UNITED NATIONS, April 9 (UPI) -- The ongoing violence in the Central African Republic has prompted the U.N. Security Council to support a measure for a new peacekeeping unit in the country.
The violence, including armed groups terrorizing the north of the country and ongoing practices like the recruitment of children to become soldiers, led to a recommendation from U.N. Secretary-General Ban Ki-moon to establish a new presence in the country, the United Nations reported.
Mexican Ambassador Claude Heller, who holds the rotating Security Council presidency for April, announced the council's plans to establish a new "integrated U.N. unit" that would replace the existing U.N. peace-building office in the country.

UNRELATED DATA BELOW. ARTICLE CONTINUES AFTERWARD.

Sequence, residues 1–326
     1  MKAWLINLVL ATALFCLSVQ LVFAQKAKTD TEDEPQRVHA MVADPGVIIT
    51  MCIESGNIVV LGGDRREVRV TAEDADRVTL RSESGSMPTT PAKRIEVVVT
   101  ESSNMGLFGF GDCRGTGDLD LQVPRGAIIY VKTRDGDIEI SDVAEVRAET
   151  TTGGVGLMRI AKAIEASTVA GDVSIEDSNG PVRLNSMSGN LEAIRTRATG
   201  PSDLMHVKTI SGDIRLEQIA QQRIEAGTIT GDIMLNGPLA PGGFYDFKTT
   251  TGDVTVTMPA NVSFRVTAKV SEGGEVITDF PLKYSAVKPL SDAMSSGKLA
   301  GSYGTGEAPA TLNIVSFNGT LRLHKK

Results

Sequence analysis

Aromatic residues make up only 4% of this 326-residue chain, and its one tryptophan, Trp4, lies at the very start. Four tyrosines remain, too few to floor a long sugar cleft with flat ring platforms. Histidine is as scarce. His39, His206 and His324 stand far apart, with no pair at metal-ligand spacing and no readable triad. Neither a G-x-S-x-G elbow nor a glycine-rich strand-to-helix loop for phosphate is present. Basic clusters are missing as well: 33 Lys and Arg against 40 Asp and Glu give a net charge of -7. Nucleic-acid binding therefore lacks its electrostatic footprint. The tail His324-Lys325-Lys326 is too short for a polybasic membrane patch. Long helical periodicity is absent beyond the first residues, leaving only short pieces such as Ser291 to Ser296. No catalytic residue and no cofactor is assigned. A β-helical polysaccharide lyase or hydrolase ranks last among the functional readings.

Officials said the new unit would provide "assistance for elections, government reforms and demobilization efforts, along with the facilitation of continued national dialogue," according to a news release.
The United Nations estimates that more than 300,000 people have been forced from their homes in the Central African Republic since 1999 as a result of the ongoing violence.